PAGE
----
Leaders and Heroes

“Good leaders always step out from the crowd and beyond the confusion” is the quote that begins the chapter entitled “Get Help Now!” in my book Leadership Building Blocks: An Insider’s Guide to Success.

In the age of heightened security, you would think that there would be emergency leadership meetings everywhere. Maybe there are.

Regardless of false alarms or real emergencies like the Florida school board shooting or the Tuscon, Arizona incident, it is time for us all to get serious about leading others. Just a few heroes among us already have.


During any crisis situation, there will be different reactions. We have seen this through the actions of the Panama City school superintendent who talked calmly with the assailant who opened fire during a televised school board meeting. In turn, the school district security officer Mike Jones took action to act quickly in a crisis that likely saved the lives of many. He moved quickly to act and at the same time kept a level head.

In the same way, Daniel Hernandez stood up when others cowered in fear during the Tuscon incident. In the face of an unprecedented incident, he took action to aide ailing congresswoman Gabrielle Giffords who was severely injured. In recent interviews, he has mentioning that he “shut off his emotions to get stuff done.” Hernandez assessed the situation and was attentive to a greater need, the welfare of others that was even greater than his own safety. That is true servant leadership at work.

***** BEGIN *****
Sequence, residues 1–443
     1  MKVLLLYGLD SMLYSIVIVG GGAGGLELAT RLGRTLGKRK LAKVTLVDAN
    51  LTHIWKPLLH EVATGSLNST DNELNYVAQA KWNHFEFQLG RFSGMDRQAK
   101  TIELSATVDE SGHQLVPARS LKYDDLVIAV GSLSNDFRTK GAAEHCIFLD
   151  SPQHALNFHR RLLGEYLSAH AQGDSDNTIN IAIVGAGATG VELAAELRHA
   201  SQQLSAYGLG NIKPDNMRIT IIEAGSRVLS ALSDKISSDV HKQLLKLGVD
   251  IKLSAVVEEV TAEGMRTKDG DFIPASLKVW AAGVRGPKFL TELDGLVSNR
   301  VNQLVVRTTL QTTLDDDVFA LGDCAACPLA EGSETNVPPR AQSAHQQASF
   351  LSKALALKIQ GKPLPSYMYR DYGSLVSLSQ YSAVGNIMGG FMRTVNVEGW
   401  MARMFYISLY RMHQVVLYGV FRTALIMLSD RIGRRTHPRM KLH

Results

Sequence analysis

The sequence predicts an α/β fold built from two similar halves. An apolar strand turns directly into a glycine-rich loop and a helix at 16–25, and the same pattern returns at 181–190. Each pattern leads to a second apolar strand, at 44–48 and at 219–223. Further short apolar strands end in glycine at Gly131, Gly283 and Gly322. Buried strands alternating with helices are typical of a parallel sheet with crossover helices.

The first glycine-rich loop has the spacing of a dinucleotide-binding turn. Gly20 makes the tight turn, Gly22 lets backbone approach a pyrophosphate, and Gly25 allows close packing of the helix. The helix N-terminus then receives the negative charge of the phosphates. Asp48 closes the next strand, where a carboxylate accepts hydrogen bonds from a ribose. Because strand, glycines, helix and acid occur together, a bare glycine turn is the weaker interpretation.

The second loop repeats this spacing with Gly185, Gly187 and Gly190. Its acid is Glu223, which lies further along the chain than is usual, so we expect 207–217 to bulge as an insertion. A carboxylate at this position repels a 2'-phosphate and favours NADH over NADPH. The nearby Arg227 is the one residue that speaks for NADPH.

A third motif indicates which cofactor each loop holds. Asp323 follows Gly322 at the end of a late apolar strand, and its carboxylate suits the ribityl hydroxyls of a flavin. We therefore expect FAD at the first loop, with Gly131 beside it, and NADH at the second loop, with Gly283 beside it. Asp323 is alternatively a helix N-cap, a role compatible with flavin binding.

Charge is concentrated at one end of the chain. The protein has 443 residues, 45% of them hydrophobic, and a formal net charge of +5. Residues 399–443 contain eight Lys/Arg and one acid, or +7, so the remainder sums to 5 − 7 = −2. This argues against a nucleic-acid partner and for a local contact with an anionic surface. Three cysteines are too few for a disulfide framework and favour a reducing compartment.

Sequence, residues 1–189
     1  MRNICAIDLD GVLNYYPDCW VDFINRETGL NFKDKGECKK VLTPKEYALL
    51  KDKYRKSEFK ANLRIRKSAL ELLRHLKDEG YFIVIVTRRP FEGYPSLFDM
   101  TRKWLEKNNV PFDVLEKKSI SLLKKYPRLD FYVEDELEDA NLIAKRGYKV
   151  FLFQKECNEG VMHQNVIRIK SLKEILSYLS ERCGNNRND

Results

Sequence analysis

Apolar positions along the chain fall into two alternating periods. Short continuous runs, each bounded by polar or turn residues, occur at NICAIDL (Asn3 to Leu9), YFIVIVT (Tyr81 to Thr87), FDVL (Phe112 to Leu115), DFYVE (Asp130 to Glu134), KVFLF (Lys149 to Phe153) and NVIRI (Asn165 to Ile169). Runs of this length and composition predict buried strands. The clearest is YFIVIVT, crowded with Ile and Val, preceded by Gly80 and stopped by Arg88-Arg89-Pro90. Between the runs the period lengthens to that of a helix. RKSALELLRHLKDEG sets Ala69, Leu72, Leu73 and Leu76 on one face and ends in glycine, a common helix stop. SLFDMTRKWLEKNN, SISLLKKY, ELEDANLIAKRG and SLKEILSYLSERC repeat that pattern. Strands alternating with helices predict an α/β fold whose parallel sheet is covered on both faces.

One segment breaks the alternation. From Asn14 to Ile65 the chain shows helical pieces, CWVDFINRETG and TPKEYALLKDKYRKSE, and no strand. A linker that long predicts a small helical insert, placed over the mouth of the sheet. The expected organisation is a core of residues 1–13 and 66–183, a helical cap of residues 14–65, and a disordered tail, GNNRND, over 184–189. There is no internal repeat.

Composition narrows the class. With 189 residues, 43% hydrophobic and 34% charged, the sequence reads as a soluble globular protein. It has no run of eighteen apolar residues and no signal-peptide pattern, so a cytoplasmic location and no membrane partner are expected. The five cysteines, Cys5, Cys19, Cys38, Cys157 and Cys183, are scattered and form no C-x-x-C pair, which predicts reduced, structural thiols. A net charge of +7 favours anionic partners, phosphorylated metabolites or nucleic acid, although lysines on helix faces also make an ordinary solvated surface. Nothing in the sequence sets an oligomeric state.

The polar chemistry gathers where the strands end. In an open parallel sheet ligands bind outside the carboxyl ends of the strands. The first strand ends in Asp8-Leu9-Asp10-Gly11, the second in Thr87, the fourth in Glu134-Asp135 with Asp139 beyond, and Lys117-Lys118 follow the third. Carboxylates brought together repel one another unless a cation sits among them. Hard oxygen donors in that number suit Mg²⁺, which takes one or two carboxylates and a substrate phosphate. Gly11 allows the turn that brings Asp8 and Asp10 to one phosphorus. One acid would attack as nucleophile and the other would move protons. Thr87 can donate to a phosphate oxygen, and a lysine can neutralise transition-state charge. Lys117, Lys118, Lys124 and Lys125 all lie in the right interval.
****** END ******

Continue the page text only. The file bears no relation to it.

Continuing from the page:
Beyond the point that both Hernandez and Jones are true heroes is that they acted without hysteria and without reviewing major policies or debating the merits of helping others. There was no fanfare or partisan rhetoric. There was no pause for the cameras or a photo opportunity. Quite simply it was about being ready to act, ready be available for others, and ready for whatever was necessary.

We saw this same courage under the leadership of the late Dr. Martin Luther King, Jr. who once said that “Nonviolent action was the way to supplement, not replace, the progress of change. It was the way to divest himself of passivity without arraying himself in vindictive force (Why We Can’t Wait).

Leaders have a duty to step up and out and take action during these unbelievable times. Who among us can really call ourselves leaders, ready to act without question?

-Dawn McCoy, author of Leadership Building Blocks: An Insider’s Guide to Success

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